As you might expect I’ve had a few folks take exception with my depiction of our 60s and 70s as “only” October. So far no one has argued for “September,” but a few have suggested a later month. Truth to tell, there are days when “November” better describes my mood and/or physical capabilities. Heck, I’ve probably dipped a toe in “December” a time or two.
But of course my use of “October” is not meant to be simply about age. The way I use that label, October is a state of mind. More to the point, like the October on your calendar our October Years are a time of harvest---a time to gather the fruit of all the seeds we’ve sown and the things we’ve learned in the course of our already long lifetime. I happen to believe that we’ve reached the time of life when that experience can be put to good use.
One of the risks in telling October stories is the temptation to dwell on the maudlin---stressing the negatives and hardships. Of course, by this stage of life we’ve all had our share of bumpy roads and unexpected detours. And there will be more. If we’ve been paying attention at all we should expect that. In this post, however, I would like to move beyond our individual situations and address something less expected---something for which my personal life journey has not adequately prepared me.
At our age infirmity and distress are sure to have been part of our personal experience. I can accept that. Yet scarcely a day goes by when this October mind of mine does not struggle to make sense of a larger reality---the cultural infirmities and distress that plague our society. I wonder if it has always been like this. Is this the human norm? Or has there been a fundamental change in the path of human development? Is there a new “human norm” evolving?
How else would you interpret the headlines that assault our sensibilities daily? It feels like every morning’s newspaper and every evening’s newscast provides new evidence of predators and perverts, addictions and mayhem. Have we actually become so accepting of such an unprecedented scale of gun violence? Have we grown so numb that we look right past the all too obvious warning signs---middle-school girls being bullied to death---wide-eyed young men unleashing their lethal revenge in our high schools---an ever-increasing number of us, young and old, dependent on mind-altering pharmaceuticals? There are times when it seems that our beloved nation is drowning in a tsunami of insanity.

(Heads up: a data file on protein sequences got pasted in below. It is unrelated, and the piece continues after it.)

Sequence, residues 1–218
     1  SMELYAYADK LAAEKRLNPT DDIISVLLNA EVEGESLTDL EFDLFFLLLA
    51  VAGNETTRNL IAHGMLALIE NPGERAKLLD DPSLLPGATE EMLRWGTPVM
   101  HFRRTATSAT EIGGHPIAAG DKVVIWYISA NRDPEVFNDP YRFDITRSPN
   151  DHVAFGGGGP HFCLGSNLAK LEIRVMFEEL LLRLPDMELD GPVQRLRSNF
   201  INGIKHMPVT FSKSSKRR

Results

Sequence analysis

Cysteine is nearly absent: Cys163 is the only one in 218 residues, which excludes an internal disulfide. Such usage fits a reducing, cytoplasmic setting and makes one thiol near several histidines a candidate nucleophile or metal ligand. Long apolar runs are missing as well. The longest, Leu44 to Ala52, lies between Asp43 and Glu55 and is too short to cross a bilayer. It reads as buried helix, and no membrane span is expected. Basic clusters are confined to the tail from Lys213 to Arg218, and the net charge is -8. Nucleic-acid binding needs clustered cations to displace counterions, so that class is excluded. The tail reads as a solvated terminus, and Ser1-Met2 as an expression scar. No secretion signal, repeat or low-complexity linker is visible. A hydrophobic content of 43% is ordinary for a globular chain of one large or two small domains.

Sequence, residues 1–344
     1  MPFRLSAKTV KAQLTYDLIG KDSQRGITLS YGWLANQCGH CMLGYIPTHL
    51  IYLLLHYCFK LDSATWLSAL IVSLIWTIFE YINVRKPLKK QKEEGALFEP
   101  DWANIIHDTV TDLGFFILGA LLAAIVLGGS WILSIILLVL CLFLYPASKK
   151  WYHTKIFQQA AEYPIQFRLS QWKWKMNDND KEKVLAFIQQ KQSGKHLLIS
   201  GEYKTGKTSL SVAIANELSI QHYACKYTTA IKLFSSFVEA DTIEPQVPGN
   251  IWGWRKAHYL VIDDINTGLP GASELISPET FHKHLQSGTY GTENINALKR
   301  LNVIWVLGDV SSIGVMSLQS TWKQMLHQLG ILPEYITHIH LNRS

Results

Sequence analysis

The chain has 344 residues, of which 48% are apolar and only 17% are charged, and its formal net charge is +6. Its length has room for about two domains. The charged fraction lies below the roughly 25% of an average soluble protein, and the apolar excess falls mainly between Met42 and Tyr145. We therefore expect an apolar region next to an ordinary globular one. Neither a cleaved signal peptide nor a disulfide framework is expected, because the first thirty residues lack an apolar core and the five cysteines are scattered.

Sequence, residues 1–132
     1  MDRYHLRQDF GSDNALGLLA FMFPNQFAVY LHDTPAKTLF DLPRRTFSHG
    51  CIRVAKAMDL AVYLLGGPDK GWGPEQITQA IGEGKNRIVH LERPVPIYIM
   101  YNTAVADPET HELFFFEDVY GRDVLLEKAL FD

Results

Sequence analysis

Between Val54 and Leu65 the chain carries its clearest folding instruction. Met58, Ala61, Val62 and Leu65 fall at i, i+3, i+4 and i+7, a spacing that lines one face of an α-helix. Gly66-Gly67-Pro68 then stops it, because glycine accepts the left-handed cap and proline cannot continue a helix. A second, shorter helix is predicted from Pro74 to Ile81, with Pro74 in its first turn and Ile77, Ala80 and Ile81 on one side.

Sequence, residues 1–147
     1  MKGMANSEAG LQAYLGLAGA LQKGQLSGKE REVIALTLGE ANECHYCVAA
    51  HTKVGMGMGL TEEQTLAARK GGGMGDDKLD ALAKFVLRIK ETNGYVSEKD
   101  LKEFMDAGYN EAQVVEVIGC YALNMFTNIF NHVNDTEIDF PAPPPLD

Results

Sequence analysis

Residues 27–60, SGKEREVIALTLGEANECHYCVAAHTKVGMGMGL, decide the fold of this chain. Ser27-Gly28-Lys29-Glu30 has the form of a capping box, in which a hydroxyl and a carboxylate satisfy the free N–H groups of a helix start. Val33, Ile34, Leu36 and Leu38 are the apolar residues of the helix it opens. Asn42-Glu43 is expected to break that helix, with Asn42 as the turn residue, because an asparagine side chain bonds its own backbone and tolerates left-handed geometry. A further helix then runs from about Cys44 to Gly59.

Surely I am not the only one who wonders what is happening to our world---this place where we grew up and perhaps thought we understood. There are days when I’m not sure I recognize the place---when it feels like everything has changed. Small wonder the October characters I write about sometimes stumble as they try to make sense of it.
I’d appreciate your help here, your input. My question is simple enough. Has it always been like this? I’ll bet every one of us grew up hearing our parents and grand-parents grumbling about “the younger generation,” and how things were not like “the good old days.” Are today’s headlines just more of the same, or is our generation dealing with something new and different?
Did the world of our childhood and adolescence include the troubles we read about and watch on the tube? And if it did, has the scale and frequency of those problems changed---or is our awareness simply a matter of more thorough reporting, better police work, and cameras on every street corner? In either case, I have no doubt that for many of our October friends this crazy new world threatens their ability to “thrive in our 60s and 70s.” I’d say that makes it an October issue.
If you agree I hope you'll pass this on to your October friends. (The email link below is easy to use.) I'd be interested in hearing their input too.